THE youngest pupils in Newport will return to school on February 22 it has been confirmed.

A decision has been made that pupils in nurseries, reception, Year One and Year Two will be able to return to school for face to face teaching following the half term break.

A letter to parents earlier this week from the Newport Association of Primary Headteachers had said it was unable to confirm plans for a return at this point.

However, since that letter was seen by the South Wales Argus, further guidance from the Welsh Government has been made available to schools throughout Wales.

Education minister Kirsty Williams announced last Friday the plans for a return to face to face teaching.

In an open letter to headteachers Ms Williams said: "I would like to thank all the education workforce for their continued hard work and dedication in these uncertain and anxious times.

"In particular the improvement in online teaching during this ‘second lockdown’ has been noticeable to parents and learners across Wales.

"However, we know that remote learning is hardest for our youngest learners, who are missing out on the essential foundations for their learning and development.

Ms Williams added: "I know that many of you as well as parents/carers and learners want certainty that we won’t need further closures. I cannot give you that certainty.

"What I can tell you is that in being cautious and taking a phased approach, we can monitor the impact of a careful opening up to face to face learning on transmission, and rates in staff as well as children and continue to take decisions based on evidence.

"Any further phasing of more year groups will be considered as part of the next 21 day review on the February 19 when we have more detail around any further headroom."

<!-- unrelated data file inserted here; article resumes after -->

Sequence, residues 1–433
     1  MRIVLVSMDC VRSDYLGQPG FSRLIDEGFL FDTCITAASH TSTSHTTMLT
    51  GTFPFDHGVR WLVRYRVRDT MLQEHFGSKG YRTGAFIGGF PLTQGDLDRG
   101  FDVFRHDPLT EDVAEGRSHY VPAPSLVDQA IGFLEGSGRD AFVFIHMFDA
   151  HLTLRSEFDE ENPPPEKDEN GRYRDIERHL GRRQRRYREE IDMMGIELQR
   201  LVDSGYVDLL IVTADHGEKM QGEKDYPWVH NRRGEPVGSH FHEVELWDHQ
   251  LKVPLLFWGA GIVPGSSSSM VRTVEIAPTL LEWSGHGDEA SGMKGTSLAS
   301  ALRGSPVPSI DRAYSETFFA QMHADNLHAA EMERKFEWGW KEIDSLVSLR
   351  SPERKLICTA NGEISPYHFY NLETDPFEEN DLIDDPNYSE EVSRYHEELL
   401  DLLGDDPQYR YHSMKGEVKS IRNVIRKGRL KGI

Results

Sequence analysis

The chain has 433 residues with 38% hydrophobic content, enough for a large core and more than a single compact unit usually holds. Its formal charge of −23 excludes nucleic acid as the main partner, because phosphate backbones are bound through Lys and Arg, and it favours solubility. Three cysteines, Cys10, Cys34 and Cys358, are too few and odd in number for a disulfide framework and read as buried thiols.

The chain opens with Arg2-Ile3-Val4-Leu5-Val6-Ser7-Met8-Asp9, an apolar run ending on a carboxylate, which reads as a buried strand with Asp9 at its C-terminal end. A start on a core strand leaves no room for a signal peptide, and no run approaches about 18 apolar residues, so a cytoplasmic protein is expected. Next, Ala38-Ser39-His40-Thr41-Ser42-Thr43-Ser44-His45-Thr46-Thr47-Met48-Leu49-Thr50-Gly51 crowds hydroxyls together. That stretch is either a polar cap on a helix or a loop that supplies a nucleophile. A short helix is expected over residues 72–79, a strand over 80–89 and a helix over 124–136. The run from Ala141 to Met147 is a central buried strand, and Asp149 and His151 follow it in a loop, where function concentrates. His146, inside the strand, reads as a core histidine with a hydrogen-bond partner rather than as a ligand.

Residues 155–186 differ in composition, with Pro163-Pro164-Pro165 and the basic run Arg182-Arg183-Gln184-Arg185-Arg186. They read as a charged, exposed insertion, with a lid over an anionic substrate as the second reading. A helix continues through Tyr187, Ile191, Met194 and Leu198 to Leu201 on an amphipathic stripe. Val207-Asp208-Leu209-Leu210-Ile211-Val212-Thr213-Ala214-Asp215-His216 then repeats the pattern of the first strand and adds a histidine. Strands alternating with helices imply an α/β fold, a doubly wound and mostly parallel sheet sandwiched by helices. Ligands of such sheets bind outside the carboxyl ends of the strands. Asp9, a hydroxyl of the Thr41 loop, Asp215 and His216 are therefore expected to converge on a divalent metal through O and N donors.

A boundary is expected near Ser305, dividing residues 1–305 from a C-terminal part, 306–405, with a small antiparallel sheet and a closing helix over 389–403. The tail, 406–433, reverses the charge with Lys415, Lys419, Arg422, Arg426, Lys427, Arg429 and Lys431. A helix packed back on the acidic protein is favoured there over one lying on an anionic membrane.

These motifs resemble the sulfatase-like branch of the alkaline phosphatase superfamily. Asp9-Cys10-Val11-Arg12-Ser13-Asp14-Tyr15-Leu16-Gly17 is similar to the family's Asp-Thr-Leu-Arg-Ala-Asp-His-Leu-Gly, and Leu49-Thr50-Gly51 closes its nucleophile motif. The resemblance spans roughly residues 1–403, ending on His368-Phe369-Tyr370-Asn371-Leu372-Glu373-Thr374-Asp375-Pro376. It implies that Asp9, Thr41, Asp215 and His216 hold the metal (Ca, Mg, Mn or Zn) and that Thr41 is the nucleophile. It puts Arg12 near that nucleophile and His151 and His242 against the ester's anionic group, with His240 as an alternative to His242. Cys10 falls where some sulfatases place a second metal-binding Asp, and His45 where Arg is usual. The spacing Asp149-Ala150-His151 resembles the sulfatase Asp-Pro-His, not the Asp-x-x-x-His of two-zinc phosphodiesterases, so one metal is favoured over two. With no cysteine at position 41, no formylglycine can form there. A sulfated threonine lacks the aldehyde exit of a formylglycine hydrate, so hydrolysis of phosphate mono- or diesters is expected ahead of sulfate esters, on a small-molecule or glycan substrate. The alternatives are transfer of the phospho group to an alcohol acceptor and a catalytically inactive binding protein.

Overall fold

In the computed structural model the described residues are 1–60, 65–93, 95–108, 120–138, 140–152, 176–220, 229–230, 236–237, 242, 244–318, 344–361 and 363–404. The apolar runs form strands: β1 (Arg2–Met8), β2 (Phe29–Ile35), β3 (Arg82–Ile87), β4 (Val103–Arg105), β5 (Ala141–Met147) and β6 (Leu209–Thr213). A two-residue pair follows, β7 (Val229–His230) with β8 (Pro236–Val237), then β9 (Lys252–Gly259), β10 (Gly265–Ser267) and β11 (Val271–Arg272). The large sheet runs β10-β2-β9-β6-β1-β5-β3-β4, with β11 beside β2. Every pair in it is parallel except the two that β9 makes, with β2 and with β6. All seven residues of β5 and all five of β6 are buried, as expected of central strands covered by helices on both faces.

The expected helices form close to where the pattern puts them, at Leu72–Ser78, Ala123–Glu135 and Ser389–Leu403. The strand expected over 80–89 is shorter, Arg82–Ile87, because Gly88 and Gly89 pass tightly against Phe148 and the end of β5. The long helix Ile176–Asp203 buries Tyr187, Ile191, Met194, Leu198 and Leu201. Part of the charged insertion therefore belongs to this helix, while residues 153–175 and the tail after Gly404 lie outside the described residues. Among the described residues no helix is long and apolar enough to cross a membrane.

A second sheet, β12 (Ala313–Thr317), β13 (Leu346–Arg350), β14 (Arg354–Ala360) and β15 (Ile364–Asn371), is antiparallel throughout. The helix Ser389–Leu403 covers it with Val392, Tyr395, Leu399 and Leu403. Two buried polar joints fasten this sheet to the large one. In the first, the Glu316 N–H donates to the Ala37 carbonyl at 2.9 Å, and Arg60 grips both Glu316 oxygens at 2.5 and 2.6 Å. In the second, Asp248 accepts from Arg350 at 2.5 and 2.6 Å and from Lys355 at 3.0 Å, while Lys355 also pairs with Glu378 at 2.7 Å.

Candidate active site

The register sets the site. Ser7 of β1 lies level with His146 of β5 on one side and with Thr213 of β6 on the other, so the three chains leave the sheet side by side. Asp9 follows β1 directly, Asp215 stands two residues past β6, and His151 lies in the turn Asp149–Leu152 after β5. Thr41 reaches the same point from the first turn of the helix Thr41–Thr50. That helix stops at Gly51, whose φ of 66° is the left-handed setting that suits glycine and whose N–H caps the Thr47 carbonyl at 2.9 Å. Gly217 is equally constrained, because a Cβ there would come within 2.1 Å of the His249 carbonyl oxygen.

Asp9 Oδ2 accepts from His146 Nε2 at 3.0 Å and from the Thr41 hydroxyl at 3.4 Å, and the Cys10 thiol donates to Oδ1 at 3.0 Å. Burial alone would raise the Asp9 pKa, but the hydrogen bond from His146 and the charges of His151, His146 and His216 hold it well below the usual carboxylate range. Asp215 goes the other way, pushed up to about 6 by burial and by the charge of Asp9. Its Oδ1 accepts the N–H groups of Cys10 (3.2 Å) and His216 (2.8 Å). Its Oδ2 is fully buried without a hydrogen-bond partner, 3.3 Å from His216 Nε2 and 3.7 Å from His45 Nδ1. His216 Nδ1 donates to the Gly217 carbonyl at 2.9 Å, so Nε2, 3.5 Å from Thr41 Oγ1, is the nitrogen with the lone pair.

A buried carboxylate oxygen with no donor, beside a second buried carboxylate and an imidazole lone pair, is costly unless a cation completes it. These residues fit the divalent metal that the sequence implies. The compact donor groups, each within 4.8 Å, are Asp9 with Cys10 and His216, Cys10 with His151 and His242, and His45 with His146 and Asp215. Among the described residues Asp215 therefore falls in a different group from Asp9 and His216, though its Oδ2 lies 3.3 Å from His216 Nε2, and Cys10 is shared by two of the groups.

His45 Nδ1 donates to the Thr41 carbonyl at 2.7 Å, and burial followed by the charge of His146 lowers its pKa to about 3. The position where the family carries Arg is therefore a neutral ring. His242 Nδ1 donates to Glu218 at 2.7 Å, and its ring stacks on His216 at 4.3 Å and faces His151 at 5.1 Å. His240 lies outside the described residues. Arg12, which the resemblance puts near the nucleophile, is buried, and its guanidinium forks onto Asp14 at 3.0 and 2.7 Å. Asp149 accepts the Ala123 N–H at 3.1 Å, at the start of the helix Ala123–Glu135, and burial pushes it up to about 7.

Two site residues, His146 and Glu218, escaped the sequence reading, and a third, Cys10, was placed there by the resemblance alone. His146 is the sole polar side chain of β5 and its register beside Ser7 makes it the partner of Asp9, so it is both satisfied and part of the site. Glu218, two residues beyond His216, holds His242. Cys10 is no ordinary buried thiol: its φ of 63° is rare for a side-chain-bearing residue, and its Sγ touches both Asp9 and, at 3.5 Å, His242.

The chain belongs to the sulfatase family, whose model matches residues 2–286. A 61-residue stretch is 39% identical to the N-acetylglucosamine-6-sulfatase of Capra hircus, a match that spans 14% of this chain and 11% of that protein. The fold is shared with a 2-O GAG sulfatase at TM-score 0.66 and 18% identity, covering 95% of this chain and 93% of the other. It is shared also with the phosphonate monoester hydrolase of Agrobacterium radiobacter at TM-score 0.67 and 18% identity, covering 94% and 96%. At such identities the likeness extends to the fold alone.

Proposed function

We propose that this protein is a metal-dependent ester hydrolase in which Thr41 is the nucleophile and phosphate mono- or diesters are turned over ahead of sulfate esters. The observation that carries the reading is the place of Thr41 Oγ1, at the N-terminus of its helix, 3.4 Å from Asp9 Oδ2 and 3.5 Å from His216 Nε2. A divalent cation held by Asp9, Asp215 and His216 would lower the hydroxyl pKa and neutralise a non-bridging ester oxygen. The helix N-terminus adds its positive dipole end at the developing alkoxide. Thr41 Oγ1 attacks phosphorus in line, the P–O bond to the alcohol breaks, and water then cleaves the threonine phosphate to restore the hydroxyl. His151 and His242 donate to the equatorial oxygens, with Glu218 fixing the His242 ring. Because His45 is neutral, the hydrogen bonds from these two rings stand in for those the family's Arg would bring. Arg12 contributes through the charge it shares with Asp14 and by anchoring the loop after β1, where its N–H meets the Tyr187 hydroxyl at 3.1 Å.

As part of the phased reopening, schools and educations settings will be offered lateral flow tests for all staff on a twice weekly basis.

They will be collected by staff and used at home in order to identify positive asymptomatic cases.


As well as tests, the education minister said "social distancing and other measures put in place by schools and settings" will "reduce the likelihood of adults unwittingly spreading the virus."

Addressing the potential concerns of staff, Ms Williams said: "I know that many in the profession may be anxious, in particular at news coverage of new variants of Covid-19.

"Our chief medical officer confirms that evidence suggests that schools have been successful in providing safe environments for children and teachers.

"In order to keep transmission low as we take cautious first steps we will work with local authorities and our unions to reinforce Keep Wales Safe messages so that parents/carers continue to be vigilant including socially distanced behaviour at school gates, not permitting sleep overs or other household mixing outside of school, and not sending children to school if they have symptoms or have tested positive for Covid-19."